Foreword and Acknowledgements


Social mobility is an important policy objective to foster inclusive economies and societies. It may not be surprising that many immigrants face specific difficulties to progress along the income ladder: they often have to overcome greater barriers to mobility linked among others to the fact that they have been raised and educated in a different environment and education system, and that they may not have the same command of the host language as natives. However, one would hope that, at least for children of immigrants who are native-born, these barriers would disappear and they could enjoy the same opportunity for social mobility as their peers. Yet, evidence suggests that native-born children of immigrants tend to still lag behind their peers with native-born parents in many OECD countries, especially in Europe. This is particularly worrying since these are a large and growing group, and their integration is vital for social cohesion and economic prosperity.

Against this backdrop, the OECD, with the support of the European Union, has analysed the links between parental disadvantage for immigrants and the educational and labour market outcomes of their children across EU and OECD countries, in comparison with native-born parents and their children. This report presents the results of this work which builds on the rich, ongoing joint EU and OECD work on integration. It entails some important findings and lessons for policy-making. Its main message is that helping immigrant parents to be fully and autonomously functional in the host country society is not only important for the immigrants themselves but is also an important precondition for better outcomes of their children.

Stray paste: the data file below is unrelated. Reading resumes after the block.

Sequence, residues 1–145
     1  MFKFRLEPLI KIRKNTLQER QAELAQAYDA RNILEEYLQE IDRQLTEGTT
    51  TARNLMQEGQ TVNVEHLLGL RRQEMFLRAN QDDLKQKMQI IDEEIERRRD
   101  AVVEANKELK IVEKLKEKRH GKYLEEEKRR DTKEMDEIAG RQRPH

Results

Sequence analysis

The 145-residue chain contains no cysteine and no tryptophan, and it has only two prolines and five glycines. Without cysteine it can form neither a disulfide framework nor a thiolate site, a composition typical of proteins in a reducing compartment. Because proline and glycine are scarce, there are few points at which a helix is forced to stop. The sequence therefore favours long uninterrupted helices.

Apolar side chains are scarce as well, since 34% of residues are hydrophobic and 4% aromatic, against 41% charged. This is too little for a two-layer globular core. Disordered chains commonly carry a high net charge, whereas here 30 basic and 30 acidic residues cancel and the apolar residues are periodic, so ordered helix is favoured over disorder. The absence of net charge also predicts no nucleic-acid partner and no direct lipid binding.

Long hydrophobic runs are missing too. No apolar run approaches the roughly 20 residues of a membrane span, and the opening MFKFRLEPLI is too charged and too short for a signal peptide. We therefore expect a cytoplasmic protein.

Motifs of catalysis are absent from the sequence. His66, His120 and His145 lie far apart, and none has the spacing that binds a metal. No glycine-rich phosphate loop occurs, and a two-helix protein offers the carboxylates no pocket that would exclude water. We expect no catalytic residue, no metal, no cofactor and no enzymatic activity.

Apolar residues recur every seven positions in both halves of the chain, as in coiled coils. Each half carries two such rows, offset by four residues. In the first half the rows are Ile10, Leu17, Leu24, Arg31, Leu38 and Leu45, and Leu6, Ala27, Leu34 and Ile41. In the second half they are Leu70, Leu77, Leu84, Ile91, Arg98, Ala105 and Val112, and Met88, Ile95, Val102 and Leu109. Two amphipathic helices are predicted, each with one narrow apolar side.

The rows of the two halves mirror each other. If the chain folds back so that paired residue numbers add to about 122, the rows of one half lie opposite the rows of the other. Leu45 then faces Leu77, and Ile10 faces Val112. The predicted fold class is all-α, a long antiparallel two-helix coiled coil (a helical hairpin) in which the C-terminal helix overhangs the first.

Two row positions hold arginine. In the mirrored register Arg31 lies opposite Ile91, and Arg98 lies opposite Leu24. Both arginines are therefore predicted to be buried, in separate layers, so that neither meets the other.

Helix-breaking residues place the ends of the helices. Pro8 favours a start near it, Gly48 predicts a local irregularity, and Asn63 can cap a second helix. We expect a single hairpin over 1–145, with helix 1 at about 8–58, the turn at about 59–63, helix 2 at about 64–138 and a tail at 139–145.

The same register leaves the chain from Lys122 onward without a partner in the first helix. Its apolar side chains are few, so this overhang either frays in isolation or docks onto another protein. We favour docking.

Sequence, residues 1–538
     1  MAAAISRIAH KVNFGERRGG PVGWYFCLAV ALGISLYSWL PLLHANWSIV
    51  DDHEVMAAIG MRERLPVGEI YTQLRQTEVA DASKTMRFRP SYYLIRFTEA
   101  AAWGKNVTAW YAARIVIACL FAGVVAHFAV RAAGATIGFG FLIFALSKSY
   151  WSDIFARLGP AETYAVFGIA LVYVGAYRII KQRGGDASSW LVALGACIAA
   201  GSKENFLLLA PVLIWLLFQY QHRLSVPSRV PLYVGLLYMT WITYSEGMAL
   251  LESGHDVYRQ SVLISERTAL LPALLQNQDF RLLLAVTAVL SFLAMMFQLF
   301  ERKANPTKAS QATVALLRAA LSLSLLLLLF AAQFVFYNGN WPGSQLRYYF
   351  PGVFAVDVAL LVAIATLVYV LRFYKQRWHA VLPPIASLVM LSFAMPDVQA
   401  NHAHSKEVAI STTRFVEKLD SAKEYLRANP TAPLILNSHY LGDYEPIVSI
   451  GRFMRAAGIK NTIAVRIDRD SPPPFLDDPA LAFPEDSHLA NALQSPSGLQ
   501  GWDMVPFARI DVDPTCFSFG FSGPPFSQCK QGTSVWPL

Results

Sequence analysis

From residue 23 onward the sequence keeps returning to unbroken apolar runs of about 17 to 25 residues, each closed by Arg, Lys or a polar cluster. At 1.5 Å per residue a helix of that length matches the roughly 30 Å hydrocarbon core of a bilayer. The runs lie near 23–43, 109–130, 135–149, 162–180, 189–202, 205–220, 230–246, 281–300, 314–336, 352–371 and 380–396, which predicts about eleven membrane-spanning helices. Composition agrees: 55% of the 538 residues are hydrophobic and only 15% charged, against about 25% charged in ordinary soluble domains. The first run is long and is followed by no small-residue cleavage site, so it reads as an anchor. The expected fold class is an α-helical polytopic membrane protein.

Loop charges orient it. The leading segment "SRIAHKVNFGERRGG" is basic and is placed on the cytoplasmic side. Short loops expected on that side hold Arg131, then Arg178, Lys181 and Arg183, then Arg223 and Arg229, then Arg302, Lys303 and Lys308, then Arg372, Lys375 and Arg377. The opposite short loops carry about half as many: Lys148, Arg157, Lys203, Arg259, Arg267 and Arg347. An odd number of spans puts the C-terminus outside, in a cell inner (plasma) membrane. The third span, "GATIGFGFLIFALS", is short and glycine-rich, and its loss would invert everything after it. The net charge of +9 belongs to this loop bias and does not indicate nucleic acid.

The good news is that the often large gaps in education and labour market outcomes observed between immigrant and native-born parents are reduced for their children. What is more, some groups of children of immigrants – including children of EU mobile citizens in Europe and many groups in North America such as those with parents from Asia – have higher upward mobility than children of native-born. At the same time, there are persisting obstacles that often seem to prevent a similar success story for children with non-EU-born parents in Europe, who have less upward mobility than their native-born peers with native-born parents and otherwise similar socio-economic background. This large divide in the opportunity of different groups of children from foreign-born parents requires close policy attention, and we therefore believe that further policy action and new policy initiatives are necessary.

Investing in the integration of immigrant parents is important for their successful integration and entails intergenerational pay-offs. Integration of immigrants should be seen as a long-term investment; it allows tapping into the potential of the immigrants themselves and their children. A key role here is played by immigrant mothers, who are currently often neglected in integration efforts, particularly if they arrived as family migrants.

Barbara Kauffmann


Director of Employment and Social Governance

European Commission

Stefano Scarpetta


Director for Employment, Labour and Social Affairs



This report was prepared by the OECD’s International Migration Division with financial support of the European Union Programme for Employment and Social Innovation “EaSI” (2014-2020). The report was drafted by Thomas Liebig, Almedina Music and Dimitris Mavridis with contributions from other members of the International Migration Division. Laurent Aujean, Francesca Borgonovi, Jean-Christophe Dumont, Stefano Filauro and Sonia Jemmotte provided comments as well as other policy officers in DG-EMPL and DG-HOME.

The opinions expressed and arguments employed herein do not necessarily reflect the official views of the OECD member countries or of the European Union.